Koroni and Methoni
Koroni and Methoni
Wednesday, 29th August, 2012.
We decided we had to visit Koroni and Methoni as they both looked so interesting as we had motored past on Sunday. We were not disappointed with either. The small town of Koroni with its one road in and one road out is like a town in a forgotten time. The restaurants by the quay bring you back to modern day and the only concession to tourism. There were several shops in the back streets selling all sorts of hardware and you could imagine you could ask them for anything and you would not be disappointed. The little old fishing boats in the harbour have seen years of work and the once grand buildings on the quay definitely need lots of TLC. We have noticed most houses do not have any drain pipes but “beaks” on their undulating roofs with elaborate wrought-iron balconies and horizontal slat shutters.
The road stayed closer to the coast line and although we were often taken up into the mountains the road quickly came back to near the coast again. We did find the very expensive looking house we passed by on Sunday which has a huge wall and gate on the road side still having workman delivering or continuing to put finishing touches to a fabulous house.
The road seller’s today are selling 5 kilo bags of oranges for juicing. We had to have one for our breakfast juice and it was wonderful. The cost was 4 euro’s which is roughly £3.20.
Methoni has a wonderful castle but it said in the DK book it is open until seven o’clock. When we arrived at 3 p.m. the chain was locked and three guys were sat on the wall. We said we had come a long way to see the castle and it was closed early to which we were told if we paid money they would quite happily open up. Jim was not amused and gave them a stern “No thank you”. So we wandered down to the water’s edge and walked along the edge of the castle walls and got quite a good view for ourselves.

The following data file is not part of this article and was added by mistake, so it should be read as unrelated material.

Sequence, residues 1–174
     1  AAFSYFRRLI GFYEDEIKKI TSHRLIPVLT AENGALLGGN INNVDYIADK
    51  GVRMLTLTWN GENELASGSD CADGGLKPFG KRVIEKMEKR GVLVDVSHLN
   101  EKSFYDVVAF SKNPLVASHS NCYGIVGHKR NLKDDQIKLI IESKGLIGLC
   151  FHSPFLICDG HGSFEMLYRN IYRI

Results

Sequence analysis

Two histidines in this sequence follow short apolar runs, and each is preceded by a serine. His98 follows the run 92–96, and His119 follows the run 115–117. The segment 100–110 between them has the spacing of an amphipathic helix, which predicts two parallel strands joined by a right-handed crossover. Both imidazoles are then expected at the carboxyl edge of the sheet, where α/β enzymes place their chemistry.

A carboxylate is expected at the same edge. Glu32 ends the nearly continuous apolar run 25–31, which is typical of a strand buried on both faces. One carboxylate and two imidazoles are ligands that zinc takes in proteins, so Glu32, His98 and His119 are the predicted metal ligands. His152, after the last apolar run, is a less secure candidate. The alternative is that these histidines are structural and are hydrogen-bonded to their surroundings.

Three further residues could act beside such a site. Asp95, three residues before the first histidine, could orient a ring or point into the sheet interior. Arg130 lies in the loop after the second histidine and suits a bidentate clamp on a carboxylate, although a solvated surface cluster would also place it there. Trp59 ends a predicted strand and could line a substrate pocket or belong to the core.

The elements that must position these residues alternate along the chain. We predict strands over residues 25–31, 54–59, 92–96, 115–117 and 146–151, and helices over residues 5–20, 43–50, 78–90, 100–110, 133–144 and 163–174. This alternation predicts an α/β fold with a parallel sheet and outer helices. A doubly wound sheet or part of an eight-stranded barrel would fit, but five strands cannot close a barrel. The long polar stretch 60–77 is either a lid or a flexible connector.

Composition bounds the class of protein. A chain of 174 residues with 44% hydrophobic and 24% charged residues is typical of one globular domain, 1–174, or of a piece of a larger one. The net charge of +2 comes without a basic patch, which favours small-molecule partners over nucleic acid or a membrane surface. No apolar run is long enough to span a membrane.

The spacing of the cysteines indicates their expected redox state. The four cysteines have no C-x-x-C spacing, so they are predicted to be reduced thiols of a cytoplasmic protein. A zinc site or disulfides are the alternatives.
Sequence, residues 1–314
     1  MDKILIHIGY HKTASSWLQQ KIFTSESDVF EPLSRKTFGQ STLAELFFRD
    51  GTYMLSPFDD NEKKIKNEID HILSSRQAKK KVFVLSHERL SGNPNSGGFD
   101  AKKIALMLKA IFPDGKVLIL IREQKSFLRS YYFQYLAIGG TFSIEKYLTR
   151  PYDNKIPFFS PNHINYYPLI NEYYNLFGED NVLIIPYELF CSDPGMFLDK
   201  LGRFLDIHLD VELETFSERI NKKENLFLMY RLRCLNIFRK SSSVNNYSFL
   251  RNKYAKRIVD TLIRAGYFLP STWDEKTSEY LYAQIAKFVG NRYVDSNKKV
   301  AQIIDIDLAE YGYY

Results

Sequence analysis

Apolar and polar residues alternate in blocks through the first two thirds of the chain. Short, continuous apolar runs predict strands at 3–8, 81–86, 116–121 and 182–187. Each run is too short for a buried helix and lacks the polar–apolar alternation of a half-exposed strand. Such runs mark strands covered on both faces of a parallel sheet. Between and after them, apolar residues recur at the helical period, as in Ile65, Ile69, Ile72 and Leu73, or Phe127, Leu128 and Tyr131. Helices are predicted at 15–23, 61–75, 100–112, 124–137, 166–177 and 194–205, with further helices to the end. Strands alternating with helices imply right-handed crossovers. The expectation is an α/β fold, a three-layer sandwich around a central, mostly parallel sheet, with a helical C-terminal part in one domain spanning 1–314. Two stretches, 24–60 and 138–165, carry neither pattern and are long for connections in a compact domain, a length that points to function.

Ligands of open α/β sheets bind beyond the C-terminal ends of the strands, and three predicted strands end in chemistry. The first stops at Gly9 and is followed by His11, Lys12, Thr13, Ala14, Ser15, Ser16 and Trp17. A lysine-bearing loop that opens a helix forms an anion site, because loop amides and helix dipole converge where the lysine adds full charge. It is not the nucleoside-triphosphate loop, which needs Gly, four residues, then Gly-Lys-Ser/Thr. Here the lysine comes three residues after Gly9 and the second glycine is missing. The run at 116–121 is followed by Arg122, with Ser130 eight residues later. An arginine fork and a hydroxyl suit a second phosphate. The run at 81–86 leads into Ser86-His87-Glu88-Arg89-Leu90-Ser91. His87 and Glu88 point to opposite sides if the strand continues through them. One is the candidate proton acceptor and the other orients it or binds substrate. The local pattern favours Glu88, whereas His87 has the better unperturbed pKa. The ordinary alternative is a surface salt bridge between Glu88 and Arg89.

Methoni was a key Venetian port controlling the lucrative pilgrim trade to Palestine after 1209. With the sea on three sides the rambling castle defended the town with its Venetian moat.
We had a swim here in the bay where there were several visiting yachts anchored enjoying the castle view. The sand is lovely and soft and not a stone or pebble in sight. We watched an Austrian yacht that had been in Kalamata with us head out past the castle making his way up to Pilos. The 32 foot boat was making heavy weather of the swell outside of the bay and when we saw them come into Pilos over 3 hours later we were surprised it had taken them so long to do 6 miles but the sea had continued to take its toll on the boat. The Austrian chap is going to take it to the Caribbean in the winter.
We had another view of Pilos from the road and the view above the marine looking out over the Bay of Navarino. The catamaran is still sitting dejected on the quay with no staff!
On the way back we went across country and the road was amazingly good. We did see a huge fire in the mountains with two sea planes in attendance. There has been no rain since May so you can imagine the countryside is very dry and it does not take much for several acres to get burnt. The locals must be praying for rain although Jim and I are hoping it will not happen until we are safely back in England.